New York State Extends Workplace Protections to Unpaid Interns

Paula Lopez, July 31, 2014.

Last week, Governor Andrew Cuomo signed legislation that will provide unpaid interns throughout the State of New York with the same state law protections against discrimination and sexual harassment in the workplace as paid employees.  The amended law takes effect immediately.  Until recently, only unpaid interns in Oregon and Washington D.C. were similarly protected.  Earlier this year, the New York City Council, by unanimous vote, passed an amendment to the City’s Human Rights Law, extending its anti-discrimination and anti-harassment provisions to unpaid interns. This law took effect on June 14, 2014. Until now, similar protections were not available to interns outside New York City since Title VII’s anti-discrimination/anti-harassment provisions under Federal law only apply to employees.

The State legislature and the New York City Council were spurred into action by an October 3, 2013 ruling made by U.S. District Judge for the Southern District of New York, P. Kevin Castel, in the case Wang v. Phoenix Satellite Television U.S., Inc., dismissing a claim for hostile work environment under the New York City Human Rights Law and New York State Human Rights Law brought against Phoenix for alleged sexual harassment committed by a supervisor who groped and forcibly tried to kiss the plaintiff while she interned for the company. Ms. Wang’s claim was dismissed because the District Judge held that as an unpaid intern, Ms. Wang did not meet the definition of “employee” and therefore was not covered by the provisions of the New York State or New York City Human Rights Law.   In his decision, the District Judge noted that the City Council has frequently amended the New York City Human Rights Law to expand coverage, limit exemptions and broaden remedies but despite numerous amendments, it never sought to expand its coverage to unpaid interns and therefore he could not apply such a liberal construction to the law. The amendment creates a new section pertaining to unlawful discriminatory practices related to interns.  An intern is defined as,

A person who performs work for an employer for the purpose of training under the following circumstances:

A. The employer is not committed to hire the person performing the work at the conclusion of the training period;
B. The employer and the person performing the work agree that the person performing the work is not entitled to wages for the work performed; and
C. The work performed:
(1) provides or supplements training that may enhance the employability of the intern;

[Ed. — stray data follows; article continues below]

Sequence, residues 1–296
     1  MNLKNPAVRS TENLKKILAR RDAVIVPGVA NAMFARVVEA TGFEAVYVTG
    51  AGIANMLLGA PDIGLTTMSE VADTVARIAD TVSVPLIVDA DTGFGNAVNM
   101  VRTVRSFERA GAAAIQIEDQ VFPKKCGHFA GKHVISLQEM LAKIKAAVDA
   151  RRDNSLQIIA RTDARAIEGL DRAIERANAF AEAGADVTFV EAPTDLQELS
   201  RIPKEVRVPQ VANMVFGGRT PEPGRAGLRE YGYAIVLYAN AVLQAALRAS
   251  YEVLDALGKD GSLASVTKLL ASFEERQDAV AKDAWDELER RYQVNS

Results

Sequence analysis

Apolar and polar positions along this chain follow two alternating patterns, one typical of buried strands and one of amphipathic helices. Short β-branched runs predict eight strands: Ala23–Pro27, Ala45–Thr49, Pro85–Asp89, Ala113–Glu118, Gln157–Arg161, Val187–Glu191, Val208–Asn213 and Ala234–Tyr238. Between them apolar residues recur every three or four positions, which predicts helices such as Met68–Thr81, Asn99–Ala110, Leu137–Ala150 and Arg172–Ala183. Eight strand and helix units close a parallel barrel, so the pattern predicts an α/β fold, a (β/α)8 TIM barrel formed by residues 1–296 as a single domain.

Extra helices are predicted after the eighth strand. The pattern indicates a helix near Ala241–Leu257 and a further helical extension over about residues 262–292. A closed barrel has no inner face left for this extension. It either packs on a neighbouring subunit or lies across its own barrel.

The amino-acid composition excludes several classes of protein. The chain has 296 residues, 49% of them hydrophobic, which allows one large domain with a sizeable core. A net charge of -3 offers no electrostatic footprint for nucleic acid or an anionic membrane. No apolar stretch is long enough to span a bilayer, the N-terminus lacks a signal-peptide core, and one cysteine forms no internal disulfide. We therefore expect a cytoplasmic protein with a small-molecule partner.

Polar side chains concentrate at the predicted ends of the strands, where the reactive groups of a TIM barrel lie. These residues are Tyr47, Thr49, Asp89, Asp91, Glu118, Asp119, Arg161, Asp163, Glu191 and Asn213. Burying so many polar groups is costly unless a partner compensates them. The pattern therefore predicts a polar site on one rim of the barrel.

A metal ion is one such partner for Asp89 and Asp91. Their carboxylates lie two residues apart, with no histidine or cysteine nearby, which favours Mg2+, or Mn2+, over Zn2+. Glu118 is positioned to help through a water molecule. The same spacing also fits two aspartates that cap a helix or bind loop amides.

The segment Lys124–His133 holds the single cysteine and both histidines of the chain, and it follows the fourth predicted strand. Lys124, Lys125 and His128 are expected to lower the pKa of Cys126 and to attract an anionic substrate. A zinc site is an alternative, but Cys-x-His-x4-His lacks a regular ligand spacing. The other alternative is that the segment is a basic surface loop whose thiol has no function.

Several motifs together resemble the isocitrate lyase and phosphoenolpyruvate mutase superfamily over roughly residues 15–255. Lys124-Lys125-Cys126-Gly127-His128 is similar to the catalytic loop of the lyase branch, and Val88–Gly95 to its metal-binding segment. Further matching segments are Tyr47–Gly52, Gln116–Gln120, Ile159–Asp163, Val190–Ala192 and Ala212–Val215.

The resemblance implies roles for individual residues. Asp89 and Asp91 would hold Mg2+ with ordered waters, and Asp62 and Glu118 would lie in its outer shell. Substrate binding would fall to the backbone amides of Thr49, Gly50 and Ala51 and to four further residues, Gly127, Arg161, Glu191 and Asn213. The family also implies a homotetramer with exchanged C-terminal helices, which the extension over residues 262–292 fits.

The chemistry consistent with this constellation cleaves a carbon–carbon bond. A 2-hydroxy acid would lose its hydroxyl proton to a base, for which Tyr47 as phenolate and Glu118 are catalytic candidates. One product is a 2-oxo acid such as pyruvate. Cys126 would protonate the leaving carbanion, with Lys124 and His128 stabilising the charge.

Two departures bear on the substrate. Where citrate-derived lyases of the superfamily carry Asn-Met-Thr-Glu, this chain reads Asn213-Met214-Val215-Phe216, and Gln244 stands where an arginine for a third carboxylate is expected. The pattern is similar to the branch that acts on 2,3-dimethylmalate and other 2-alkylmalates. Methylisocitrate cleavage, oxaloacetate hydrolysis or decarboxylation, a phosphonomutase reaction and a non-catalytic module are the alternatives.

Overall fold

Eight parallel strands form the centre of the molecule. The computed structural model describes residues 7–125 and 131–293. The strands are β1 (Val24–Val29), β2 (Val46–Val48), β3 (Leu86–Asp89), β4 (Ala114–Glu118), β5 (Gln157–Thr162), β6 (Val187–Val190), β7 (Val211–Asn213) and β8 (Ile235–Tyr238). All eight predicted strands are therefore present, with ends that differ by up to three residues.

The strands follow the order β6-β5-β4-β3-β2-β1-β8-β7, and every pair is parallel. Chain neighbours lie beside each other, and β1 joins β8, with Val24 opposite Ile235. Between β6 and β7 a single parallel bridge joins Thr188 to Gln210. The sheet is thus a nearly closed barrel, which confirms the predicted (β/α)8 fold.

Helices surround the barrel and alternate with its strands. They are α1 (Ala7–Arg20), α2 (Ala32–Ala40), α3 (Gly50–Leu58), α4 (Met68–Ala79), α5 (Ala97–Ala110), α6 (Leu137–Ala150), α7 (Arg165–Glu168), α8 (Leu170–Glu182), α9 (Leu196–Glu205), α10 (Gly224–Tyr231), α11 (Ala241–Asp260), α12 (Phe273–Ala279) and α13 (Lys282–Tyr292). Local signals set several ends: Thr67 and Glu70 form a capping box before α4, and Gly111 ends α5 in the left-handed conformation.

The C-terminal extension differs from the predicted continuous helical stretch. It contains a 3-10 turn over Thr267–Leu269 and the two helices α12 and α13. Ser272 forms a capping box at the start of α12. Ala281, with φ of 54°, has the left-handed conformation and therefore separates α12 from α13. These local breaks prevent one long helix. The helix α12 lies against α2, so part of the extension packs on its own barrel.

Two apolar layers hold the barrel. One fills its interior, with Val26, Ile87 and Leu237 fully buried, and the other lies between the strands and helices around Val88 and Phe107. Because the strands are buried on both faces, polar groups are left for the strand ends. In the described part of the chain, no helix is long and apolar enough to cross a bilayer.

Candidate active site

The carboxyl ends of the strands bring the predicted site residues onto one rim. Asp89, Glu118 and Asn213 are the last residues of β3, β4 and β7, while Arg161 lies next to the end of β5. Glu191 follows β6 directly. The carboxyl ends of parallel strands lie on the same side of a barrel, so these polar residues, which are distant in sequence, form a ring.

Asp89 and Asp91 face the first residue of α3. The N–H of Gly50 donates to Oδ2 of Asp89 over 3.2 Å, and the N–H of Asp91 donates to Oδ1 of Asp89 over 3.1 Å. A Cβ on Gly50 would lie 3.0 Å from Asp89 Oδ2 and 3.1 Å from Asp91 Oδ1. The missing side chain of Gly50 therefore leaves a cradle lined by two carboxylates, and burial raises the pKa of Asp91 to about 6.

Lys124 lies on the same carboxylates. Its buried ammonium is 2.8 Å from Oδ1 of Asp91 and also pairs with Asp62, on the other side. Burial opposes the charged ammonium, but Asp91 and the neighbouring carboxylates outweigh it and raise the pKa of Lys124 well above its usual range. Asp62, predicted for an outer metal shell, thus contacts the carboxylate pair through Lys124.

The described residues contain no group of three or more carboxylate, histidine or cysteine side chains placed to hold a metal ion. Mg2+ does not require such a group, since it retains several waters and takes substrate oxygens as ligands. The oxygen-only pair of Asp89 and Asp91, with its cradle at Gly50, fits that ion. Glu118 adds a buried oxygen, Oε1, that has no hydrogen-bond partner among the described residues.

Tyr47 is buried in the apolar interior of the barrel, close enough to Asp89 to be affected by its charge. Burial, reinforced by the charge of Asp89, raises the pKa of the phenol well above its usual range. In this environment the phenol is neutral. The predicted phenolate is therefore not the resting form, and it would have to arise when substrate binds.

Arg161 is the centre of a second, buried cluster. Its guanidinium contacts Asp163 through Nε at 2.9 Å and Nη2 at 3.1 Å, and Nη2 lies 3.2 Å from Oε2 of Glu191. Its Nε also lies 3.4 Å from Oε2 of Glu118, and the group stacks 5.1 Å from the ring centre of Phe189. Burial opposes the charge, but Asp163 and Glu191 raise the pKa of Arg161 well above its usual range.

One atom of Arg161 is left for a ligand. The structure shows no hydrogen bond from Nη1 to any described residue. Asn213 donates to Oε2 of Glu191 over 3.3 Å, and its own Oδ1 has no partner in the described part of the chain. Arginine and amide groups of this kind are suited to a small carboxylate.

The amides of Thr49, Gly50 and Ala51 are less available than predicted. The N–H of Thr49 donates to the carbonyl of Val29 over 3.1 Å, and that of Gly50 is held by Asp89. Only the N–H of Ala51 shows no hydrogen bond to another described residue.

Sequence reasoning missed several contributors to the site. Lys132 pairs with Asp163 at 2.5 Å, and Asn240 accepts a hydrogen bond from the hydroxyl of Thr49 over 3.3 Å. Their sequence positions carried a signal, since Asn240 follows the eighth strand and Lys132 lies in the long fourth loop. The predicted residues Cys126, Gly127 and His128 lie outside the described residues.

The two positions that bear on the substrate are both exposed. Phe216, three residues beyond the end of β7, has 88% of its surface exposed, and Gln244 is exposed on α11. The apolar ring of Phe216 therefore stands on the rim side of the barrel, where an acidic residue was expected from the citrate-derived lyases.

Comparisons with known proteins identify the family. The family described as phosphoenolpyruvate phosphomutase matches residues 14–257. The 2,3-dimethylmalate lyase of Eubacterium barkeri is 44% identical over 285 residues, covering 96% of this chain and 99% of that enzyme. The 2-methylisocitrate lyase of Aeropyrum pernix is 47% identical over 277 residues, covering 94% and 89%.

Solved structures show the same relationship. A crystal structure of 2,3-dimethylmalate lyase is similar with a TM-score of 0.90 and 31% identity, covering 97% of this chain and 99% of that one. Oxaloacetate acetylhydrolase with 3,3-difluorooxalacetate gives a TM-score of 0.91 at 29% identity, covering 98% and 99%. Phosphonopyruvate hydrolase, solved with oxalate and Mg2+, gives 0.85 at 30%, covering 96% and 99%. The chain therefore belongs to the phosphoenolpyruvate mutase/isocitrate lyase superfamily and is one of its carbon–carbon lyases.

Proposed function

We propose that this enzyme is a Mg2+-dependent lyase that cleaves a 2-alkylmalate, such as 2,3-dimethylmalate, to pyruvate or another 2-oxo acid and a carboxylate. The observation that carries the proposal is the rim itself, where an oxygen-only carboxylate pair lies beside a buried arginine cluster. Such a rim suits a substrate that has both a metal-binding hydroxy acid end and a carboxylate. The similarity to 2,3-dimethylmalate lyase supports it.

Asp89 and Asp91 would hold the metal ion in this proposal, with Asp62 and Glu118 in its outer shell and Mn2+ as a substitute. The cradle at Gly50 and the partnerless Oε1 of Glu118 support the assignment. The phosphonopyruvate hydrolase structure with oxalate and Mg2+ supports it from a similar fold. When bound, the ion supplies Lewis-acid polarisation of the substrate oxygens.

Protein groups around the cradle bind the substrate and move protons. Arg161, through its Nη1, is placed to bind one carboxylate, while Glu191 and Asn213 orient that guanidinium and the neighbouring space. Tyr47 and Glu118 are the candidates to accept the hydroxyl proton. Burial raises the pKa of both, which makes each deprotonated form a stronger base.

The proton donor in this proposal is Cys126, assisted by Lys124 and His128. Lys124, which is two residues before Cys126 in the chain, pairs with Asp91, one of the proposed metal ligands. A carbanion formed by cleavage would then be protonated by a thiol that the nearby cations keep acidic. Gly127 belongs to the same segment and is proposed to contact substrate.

(2) provides experience for the benefit of the person performing the work;
(3) does not displace regular employees; and(4) is performed under the close supervision of existing staff.

The amendment extends general civil rights protections to interns, such as prohibiting discrimination in the terms, conditions or privileges of employment as an intern on the basis of the intern’s age, race, creed, color, national origin, sexual orientation, military status, sex, disability, predisposing genetic characteristics, marital status, or domestic victim status.  It expressly bans sexual harassment as well as other forms of harassment, and contains an anti-retaliation provision.

The presence of interns in the workplace has increased significantly in recent years, with internships becoming more prevalent as a stepping stone for future employment. The amendment to the New York State Human Rights Law, like the amendment to the New York City Human Rights Law, does not impose significant administrative burdens on employers or require an overhaul of company policies but, instead, is intended to close loopholes in the existing law and to extend existing protections to another class of the workforce. Employers do not need to create new anti-discrimination and anti-harassment policies.  They just need to understand that interns are to be treated the same as employees with respect to such policies.

The amendment also reinforces the recent expansion of interns’ rights, including the limitations on an employer’s ability to classify individuals as interns rather than employees, as well as a series of lawsuits in which interns have been successful in recovering wages under the Fair Labor Standards Act and New York Labor Law.  Recent case law and legislation have afforded interns significant rights, while exposing employers to a larger number of claims by expanding the pool of possible plaintiffs. As a result, employers in New York should ensure that their anti-discrimination and sexual harassment policies now cover interns, such policies are circulated to their employees and interns, and a mechanism for properly implementing the policies is in place.


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